What came first, the chicken or the Clover Club Cocktail?
Egg in cocktails is something at which many people balk. Raw eggs are slimy, dangerous, and the drink will taste like an omelette. Well…no. I’ll grant you they’re slimy to begin with, but not once we are finished with them. What they are is one of the best unifiers of a mixed drink that imparts a uniquely pleasurable silkiness you will get no other way. It also gives the drink a nice frothy head. And, no, the cocktail will not taste of cooked egg.
The Clover Club is another of those recipes for which the “authentic” or “accepted”recipe is difficult to establish. According to David Wondrich, the first printed version of the Clover Club, named after and served at a men’s club in Philadelphia, is from Paul Lowe’s 1909 Drinks: How to Mix and Serve Them. Right from the start, things get complicated. Lowe’s recipe calls for gin, vermouth, raspberry syrup, sugar, and the white of one egg. The one ingredient left out is lemon juice, which appears in most subsequent recipes and many assume the omission to be a printer’s error. Over time, the drink lost its vermouth, switched lime juice for lemon (some calling the lime version a Clover Leaf cocktail while others added a mint leaf to the lemon version and called that a Clover Leaf–it’s enough to make your head spin), and used grenadine instead of raspberry which makes a completely different cocktail.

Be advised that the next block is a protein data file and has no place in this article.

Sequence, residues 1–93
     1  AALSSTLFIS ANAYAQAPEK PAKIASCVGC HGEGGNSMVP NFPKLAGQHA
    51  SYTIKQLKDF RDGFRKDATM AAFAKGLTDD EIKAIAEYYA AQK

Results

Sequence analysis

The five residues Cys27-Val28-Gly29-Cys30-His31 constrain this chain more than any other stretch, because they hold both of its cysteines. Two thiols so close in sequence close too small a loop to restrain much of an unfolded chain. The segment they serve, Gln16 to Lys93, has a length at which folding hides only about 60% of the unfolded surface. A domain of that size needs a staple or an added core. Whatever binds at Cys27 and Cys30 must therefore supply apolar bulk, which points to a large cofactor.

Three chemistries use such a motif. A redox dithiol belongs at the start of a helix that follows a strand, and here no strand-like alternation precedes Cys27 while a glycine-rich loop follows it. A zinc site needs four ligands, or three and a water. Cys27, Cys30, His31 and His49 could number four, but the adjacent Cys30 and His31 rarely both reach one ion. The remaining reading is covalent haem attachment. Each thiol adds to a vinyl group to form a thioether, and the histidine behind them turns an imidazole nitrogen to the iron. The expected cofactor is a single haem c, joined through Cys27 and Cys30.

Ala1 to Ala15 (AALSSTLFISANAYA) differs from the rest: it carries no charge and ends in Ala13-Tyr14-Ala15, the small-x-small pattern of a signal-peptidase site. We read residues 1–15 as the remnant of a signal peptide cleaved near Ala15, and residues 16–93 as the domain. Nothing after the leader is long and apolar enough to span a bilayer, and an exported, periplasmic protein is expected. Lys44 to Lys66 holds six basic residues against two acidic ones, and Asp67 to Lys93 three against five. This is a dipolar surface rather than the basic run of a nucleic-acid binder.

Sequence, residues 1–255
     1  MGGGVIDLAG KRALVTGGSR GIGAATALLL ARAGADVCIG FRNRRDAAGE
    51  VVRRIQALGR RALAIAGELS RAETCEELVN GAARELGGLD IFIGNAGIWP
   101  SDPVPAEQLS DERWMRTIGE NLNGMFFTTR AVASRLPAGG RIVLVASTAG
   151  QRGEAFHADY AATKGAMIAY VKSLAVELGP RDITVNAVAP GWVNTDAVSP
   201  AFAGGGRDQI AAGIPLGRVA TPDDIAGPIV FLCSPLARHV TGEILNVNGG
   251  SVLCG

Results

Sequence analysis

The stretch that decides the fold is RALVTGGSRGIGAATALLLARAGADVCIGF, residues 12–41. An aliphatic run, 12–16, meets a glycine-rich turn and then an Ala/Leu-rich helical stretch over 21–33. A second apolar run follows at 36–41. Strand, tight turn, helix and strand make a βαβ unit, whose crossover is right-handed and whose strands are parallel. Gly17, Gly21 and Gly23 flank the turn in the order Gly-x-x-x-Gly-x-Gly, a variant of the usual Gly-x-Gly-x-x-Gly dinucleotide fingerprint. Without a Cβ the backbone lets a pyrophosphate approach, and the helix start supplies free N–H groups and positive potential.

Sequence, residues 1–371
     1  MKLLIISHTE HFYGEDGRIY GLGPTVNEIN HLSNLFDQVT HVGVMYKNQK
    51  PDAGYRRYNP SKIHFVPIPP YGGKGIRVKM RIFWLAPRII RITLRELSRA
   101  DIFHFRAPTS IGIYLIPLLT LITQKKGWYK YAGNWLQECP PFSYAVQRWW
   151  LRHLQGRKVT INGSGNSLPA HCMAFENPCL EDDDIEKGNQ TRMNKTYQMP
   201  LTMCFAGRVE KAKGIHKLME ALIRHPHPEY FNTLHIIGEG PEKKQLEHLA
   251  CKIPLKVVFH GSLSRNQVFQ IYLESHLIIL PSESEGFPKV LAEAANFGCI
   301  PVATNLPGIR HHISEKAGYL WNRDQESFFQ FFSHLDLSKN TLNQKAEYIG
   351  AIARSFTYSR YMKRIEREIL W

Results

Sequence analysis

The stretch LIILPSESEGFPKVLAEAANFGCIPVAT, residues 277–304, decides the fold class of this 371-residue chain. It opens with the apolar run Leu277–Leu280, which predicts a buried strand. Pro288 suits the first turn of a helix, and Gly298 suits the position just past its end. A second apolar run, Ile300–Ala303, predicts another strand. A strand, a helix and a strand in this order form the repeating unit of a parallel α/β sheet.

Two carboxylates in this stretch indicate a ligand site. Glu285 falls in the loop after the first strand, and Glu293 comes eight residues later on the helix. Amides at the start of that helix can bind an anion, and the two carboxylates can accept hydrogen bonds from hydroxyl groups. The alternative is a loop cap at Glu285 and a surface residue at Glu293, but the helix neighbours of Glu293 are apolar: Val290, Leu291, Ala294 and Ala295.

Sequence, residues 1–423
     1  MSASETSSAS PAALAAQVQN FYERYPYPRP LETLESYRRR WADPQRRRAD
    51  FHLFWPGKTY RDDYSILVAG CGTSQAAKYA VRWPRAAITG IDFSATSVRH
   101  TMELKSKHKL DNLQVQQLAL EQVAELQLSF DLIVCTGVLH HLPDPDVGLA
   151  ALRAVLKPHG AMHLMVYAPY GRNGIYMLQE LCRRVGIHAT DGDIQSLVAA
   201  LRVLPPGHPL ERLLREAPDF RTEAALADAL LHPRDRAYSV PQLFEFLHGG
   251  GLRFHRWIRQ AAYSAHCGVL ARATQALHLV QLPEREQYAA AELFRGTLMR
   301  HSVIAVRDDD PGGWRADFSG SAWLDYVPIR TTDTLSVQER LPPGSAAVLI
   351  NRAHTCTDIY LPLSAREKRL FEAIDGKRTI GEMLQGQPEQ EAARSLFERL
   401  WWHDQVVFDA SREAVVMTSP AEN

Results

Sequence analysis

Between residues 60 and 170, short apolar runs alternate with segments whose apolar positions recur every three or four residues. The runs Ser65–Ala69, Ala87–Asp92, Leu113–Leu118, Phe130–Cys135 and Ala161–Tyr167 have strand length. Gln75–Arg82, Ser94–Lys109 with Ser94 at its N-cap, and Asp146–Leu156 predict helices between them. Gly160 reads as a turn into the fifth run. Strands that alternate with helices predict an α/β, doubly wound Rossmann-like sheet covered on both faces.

If we are looking for the “authentic” recipe, then we have to return to Lowe’s 1909 version and decide whether the lemon juice should be included. Without it, the drink would be very sweet, but that is not unusual for many drinks from the turn of the century. The original recipe called for one ounce of each ingredient (except the sugar, of course) and would be nigh on undrinkable. So already we need to start tinkering. The following recipe, courtesy Cold-glass.com, adjusts the ingredients a bit to make a more balanced drink.
1 ½ oz Gin (London dry style)
¾ oz Dry Vermouth
¾ oz Fresh Lemon Juice
¼ oz Raspberry syrup
Half of an Egg White
Dry shake the ingredients to emulsify the egg, then add ice and shake until cold. Strain into a chilled cocktail glass. Garnish with fresh raspberries if you have them.
The more common “accepted” recipe leaves out the vermouth and replaces the raspberry syrup with grenadine.
1 ½ oz Gin
¾ oz Fresh Lemon Juice
¼ oz Grenadine
1 Egg White
Dry shake ingredients, then add ice and shake until cold. Strain into a chilled cocktail glass. Personally, I would cut the amount of egg in half or just make two drinks in the same shaker.
I’ve tried them both. They are both good drinks and I can’t say I have a preference. The raspberry is very pronounced in the first version while the lemon juice, while not creating a sour, does stand out more in the second. Give them both a try.
A note on using raw eggs in drinks: Salmonella, of course, is the overriding concern. Use fresh eggs that have remained refrigerated. Also, the evil buggies don’t like cold, citrus juice, or alcohol–all present in this drink. Using pasteurized eggs is an option, but I’ve never tried it myself so cannot say how well it works.